Tag: color

Color curves: Choose a color palette with gradient

Color curves: Choose a color palette with gradient

Jan-Willem Tulp pointed out this amazing tool to choose a color palette: https://colorcurves.app

You can choose between either a continuous palette or a discrete palette, with groups that is.

Here’s an example of an exponential color curve for a continuous palette using colorcurves.app:

There are numerous functions you can use to make your “gradient color curve“.

Similarly, you can specify the lightness of the different colors along your curve.

Here’s another example, of an color arc for a categorical / discrete palette using colorcurves.app:

All buildings in the Netherlands, color coded by year of construction

All buildings in the Netherlands, color coded by year of construction

Could you guess that you are looking at Amsterdam?

Maybe you spotted the canals?

Bert Spaan colorcoded every building in the Netherlands according to their yaer of construction and visualized the resulting map of nearly 10 million buildings in a JavaScript leaflet webpage.

It resulted in this wonderful map, which my screenshots don’t do any honor. So have a look yourself!


paletteer: Hundreds of color palettes in R

paletteer: Hundreds of color palettes in R

Looking for just the right colors for your data visualization?

I often cover tools to pick color palettes on my website (e.g. here, here, or here) and also host a comprehensive list of color packages in my R programming resources overview.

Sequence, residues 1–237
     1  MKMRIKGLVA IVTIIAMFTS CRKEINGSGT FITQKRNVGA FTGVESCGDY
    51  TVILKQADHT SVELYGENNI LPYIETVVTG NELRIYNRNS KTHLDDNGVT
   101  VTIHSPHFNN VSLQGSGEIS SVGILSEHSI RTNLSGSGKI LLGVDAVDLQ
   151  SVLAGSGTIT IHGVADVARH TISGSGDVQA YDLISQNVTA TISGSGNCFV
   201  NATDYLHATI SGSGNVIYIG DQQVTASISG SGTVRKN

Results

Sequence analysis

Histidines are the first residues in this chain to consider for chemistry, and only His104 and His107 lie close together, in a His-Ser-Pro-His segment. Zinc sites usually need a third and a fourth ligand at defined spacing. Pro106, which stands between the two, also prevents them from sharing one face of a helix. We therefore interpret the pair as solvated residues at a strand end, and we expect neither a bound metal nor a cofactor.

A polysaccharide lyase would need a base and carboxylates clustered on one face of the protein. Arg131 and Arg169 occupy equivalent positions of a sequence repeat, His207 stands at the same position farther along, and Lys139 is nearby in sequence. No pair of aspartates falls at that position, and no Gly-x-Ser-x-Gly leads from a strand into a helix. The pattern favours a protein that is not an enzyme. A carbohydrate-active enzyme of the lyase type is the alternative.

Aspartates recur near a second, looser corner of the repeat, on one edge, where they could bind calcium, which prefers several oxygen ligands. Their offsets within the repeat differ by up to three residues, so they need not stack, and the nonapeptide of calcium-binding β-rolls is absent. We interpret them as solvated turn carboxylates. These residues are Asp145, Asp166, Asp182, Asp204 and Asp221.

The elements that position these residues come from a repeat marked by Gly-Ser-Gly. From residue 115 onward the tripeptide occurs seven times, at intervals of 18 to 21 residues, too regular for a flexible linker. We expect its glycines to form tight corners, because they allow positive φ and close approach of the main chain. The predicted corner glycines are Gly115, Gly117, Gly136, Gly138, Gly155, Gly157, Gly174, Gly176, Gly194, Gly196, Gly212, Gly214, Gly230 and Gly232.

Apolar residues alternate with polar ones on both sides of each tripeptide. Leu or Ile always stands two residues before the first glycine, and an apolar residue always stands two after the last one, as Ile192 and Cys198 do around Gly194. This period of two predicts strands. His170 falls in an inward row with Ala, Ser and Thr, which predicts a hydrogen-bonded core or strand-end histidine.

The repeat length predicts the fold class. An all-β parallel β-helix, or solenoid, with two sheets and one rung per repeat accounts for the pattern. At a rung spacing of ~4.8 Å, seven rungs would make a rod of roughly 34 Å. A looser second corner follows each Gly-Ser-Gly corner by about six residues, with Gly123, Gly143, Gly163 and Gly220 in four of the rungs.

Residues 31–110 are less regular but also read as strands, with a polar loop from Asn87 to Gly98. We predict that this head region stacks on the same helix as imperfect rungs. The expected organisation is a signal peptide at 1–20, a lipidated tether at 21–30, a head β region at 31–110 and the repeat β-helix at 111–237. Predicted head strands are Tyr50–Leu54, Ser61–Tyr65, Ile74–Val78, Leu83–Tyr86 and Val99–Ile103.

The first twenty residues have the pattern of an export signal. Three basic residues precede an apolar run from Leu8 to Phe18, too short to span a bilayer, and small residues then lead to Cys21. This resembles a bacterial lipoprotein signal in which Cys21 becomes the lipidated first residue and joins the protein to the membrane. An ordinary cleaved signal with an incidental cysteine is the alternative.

However, paletteer is by far my favorite package for customizing your colors in R!

The paletteer package offers direct access to 1759 color palettes, from 50 different packages!

After installing and loading the package, paletteer works as easy as just adding one additional line of code to your ggplot:



ggplot(iris, aes(Sepal.Length, Sepal.Width, color = Species)) +
geom_point() +

paletteer offers a combined collection of hundreds of other color palettes offered in the R programming environment, so you are sure you will find a palette that you like! Here’s the list copied below, but this github repo provides more detailed information about the package contents.

awtoolsawhstin/awtools – 0.2.1
basethemeKKPMW/basetheme –
calecopalan-bui/calecopal – 0.1.0
cartographyriatelab/cartography –
colorblindrclauswilke/colorblindr – 0.1.0
colRozjacintak/colRoz – 0.2.2
DresdenColorkatiesaund/DresdenColor –
dutchmastersEdwinTh/dutchmasters – 0.1.0
fishualizenschiett/fishualize – 0.2.9990.1.0
gameofthronesaljrico/gameofthrones –
ggpomologicalgadenbuie/ggpomological – 0.1.2
ggsciroad2stat/ggsci – 2.92.9
ggthemesjrnold/ggthemes –
ggthemrcttobin/ggthemr – 1.1.0
ghibliewenme/ghibli –
harrypotteraljrico/harrypotter –
IslamicArtlambdamoses/IslamicArt – 0.1.0
jcolorsjaredhuling/jcolors –
LaCroixColoRjohannesbjork/LaCroixColoR – 0.1.0
lisatyluRp/lisa –
MapPalettesdisarm-platform/MapPalettes – 0.0.2
miscpalettesEmilHvitfeldt/miscpalettes –
nationalparkcolorskatiejolly/nationalparkcolors – 0.1.0